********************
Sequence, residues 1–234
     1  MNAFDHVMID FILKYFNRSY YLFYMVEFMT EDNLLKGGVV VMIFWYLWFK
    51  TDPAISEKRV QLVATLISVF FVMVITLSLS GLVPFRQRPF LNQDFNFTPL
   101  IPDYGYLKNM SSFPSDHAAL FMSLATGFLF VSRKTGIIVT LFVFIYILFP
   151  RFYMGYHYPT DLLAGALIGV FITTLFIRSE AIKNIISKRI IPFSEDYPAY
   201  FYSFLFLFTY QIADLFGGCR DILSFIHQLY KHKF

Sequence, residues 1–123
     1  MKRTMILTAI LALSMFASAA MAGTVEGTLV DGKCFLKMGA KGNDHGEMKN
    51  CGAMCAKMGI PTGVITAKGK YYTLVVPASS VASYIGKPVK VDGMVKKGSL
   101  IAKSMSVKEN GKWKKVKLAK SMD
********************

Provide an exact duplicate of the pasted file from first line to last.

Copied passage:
Sequence, residues 1–234
     1  MNAFDHVMID FILKYFNRSY YLFYMVEFMT EDNLLKGGVV VMIFWYLWFK
    51  TDPAISEKRV QLVATLISVF FVMVITLSLS GLVPFRQRPF LNQDFNFTPL
   101  IPDYGYLKNM SSFPSDHAAL FMSLATGFLF VSRKTGIIVT LFVFIYILFP
   151  RFYMGYHYPT DLLAGALIGV FITTLFIRSE AIKNIISKRI IPFSEDYPAY
   201  FYSFLFLFTY QIADLFGGCR DILSFIHQLY KHKF

Sequence, residues 1–123
     1  MKRTMILTAI LALSMFASAA MAGTVEGTLV DGKCFLKMGA KGNDHGEMKN
    51  CGAMCAKMGI PTGVITAKGK YYTLVVPASS VASYIGKPVK VDGMVKKGSL
   101  IAKSMSVKEN GKWKKVKLAK SMD